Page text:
Did your system tell you about security updates?

With all of the activity surrounding the Heartbleed Bug, it was great to see so many people helping out to keep things secure. Of note was the actions of the FreeBSD team in getting out bug fixes.

I have three recommendations for you:

I used to follow STABLE. Now I follow RELEASE. The ease-of upgrading via binary patches appeals to me.

Every one of my systems, or so I thought until today, has an entry like this in /etc/crontab:

# fetch updates
28 10 * * * root /usr/sbin/freebsd-update cron

This entry will run freebsd-update every day, checking in for any updates. If found, they will be downloaded and you can install them later. Each of my systems does this at a different time; there’s no need to slam the FreeBSd servers all at once.

More importantly, when an update is found, you will get emails such as this one:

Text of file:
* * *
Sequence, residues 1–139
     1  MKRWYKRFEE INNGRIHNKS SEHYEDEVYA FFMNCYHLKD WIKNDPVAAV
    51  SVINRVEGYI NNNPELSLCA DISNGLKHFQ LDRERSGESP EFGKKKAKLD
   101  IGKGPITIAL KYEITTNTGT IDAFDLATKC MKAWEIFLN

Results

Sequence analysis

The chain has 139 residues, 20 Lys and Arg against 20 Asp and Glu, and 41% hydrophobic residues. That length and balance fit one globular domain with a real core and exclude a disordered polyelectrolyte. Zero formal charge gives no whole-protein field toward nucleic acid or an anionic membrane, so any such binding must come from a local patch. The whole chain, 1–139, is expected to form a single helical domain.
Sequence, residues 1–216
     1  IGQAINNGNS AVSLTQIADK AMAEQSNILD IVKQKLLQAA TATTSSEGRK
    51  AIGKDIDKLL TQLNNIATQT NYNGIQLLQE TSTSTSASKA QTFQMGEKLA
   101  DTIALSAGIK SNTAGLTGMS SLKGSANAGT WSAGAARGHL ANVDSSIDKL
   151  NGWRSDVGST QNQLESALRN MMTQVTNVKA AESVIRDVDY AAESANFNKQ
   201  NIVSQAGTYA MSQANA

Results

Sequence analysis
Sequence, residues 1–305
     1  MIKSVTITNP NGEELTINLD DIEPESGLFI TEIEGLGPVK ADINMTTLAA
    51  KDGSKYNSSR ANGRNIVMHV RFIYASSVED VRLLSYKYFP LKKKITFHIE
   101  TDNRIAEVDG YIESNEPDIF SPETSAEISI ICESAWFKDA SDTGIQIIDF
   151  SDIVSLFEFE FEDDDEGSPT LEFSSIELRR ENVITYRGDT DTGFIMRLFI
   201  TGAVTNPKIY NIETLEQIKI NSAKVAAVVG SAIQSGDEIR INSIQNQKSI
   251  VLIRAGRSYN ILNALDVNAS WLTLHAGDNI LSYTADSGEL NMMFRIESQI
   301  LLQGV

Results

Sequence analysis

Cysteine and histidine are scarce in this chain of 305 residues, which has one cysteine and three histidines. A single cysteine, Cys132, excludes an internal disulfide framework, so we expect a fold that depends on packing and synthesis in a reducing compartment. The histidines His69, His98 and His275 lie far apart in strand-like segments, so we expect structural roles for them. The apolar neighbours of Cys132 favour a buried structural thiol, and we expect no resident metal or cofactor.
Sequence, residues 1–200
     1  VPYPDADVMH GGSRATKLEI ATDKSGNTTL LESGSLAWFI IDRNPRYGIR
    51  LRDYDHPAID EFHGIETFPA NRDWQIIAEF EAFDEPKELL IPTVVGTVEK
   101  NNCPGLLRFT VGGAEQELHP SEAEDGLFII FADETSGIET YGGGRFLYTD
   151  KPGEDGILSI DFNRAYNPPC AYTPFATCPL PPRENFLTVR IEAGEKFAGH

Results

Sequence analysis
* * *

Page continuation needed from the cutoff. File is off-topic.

To: root@tallboy.example.org
Subject: tallboy.example.org security updates
Message-Id: <20140409103546.B6A151C51BC3@tallboy.example.org>
Date: Wed,  9 Apr 2014 10:35:46 +0000 (UTC)
From: root@tallboy.example.org (Charlie Root)

Looking up update.FreeBSD.org mirrors... 5 mirrors found.
Fetching metadata signature for 9.2-RELEASE from update6.freebsd.org... done.
Fetching metadata index... done.
Fetching 2 metadata patches.. done.
Applying metadata patches... done.
Inspecting system... done.
Preparing to download files... done.
Fetching 48 patches.....10....20....30....40.... done.
Applying patches... done.

The following files will be updated as part of updating to 9.2-RELEASE-p4:

That is my prompt to ssh into each server, run freebsd-update install, and if appropriate, reboot.

This morning, I realized I had received a security update email from all servers, but one. I’ve since added that crontab entry, and manually run freebsd-update on that server.

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